India overtakes China as most attractive market for Japanese firms

India overtakes China as most attractive market for Japanese firms
Tokyo: Tokyo: India has overtaken China as the most attractive overseas investment destination for Japanese manufacturers over the next decade amid increased labor costs in China, a survey said.

China, however, remained the most popular investment destination over the next three years in the survey conducted last summer, having retained top spot since fiscal 1992 when the state-backed financial institution began conducting the survey by the Japan Bank for International Cooperation (JBIC).

The result suggests an increasing number of Japanese companies are aiming to diversify foreign investment amid caution about rising labor costs and anti-Japanese demonstrations in China.

An additional survey conducted in November in the wake of bilateral tension over the Senkaku Islands in the East China Sea provided further evidence of the trend.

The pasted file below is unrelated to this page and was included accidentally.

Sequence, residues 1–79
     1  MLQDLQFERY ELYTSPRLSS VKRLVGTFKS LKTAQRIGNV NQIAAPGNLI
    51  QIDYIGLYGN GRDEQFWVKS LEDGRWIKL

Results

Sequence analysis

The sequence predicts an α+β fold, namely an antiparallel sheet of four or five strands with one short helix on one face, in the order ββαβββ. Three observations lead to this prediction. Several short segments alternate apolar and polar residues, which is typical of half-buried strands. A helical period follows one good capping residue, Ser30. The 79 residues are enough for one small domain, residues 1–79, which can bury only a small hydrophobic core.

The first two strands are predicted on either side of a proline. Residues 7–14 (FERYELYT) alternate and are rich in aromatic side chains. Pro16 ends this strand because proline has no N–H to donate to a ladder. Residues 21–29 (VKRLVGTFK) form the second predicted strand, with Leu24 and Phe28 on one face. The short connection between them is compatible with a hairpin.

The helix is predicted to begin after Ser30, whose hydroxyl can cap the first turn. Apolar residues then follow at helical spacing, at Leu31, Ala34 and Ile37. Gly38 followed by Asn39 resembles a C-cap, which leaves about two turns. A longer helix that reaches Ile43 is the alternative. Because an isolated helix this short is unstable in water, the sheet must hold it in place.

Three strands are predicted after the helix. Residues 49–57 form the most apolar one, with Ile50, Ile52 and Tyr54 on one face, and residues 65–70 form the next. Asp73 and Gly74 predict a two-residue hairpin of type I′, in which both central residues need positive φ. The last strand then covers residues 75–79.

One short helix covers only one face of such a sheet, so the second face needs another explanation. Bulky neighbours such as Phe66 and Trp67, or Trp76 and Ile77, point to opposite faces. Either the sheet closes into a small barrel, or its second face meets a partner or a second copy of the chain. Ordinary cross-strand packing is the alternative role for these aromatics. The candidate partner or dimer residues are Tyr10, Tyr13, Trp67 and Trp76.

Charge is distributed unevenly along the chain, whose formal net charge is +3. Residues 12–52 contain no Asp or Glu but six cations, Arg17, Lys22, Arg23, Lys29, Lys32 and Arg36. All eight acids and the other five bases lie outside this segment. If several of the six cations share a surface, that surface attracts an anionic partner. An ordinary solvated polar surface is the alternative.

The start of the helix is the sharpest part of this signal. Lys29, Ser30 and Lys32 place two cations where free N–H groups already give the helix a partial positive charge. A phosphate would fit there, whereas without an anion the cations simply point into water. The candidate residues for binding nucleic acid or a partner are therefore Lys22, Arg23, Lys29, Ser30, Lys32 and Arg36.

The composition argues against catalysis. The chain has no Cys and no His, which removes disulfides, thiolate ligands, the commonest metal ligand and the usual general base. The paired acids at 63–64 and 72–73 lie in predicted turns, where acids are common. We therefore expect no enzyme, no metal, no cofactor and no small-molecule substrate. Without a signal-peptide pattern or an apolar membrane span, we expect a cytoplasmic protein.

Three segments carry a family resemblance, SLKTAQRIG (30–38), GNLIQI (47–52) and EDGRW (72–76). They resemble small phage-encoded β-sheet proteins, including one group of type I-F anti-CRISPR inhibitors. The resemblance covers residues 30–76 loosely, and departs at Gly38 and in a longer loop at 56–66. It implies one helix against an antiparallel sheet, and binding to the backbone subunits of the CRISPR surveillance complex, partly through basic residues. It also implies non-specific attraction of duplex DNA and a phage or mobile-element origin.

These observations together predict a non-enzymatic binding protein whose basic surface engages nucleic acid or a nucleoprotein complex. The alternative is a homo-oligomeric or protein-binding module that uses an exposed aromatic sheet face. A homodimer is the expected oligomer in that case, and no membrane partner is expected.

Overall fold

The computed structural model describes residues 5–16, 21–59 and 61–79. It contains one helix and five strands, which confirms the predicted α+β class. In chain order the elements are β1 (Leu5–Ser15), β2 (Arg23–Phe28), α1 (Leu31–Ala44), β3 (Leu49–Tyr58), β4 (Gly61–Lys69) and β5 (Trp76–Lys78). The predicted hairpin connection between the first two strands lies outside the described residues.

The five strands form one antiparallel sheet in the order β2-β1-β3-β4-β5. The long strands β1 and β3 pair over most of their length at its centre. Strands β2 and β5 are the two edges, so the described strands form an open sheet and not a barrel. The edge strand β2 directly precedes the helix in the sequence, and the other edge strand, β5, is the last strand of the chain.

China no longer dominates Japanese foreign investment and Japanese companies "are increasingly turning their attention to such (emerging) markets as India and Vietnam," said
Toshiharu Mimura, a senior economist at JBIC.

In the survey conducted in the summer of 2010, in which multiple responses were allowed, 74.9 per cent of the 605 Japanese manufacturers selected India as their investment destination over the next 10 years, compared with 71.7 percent that chose China. In the previous year, China was first and India second.
As a destination over a shorter period, China came top at 77.3 per cent, followed by India at 60.5 per cent, Vietnam at 32.2 per cent, Thailand at 26.2 per cent, and Brazil at 24.6 per cent.

The companies that chose China and India said they viewed the two markets as having high growth potential. Many companies, however, expressed concern over rising personnel costs in China amid the country's rapid economic growth, as well as labor issues, apparently reflecting a recent rise in disputes between Japanese firms and Chinese workers seeking wage hikes.

In the follow-up study to gauge the investment stance of Japanese companies after maritime collisions between a Chinese trawler and Japanese patrol boats near the disputed Senkaku
Islands in September, 24.8 per cent responded that China was not as attractive as before, while 46.9 said it was important to reduce their dependence on China and diversify investment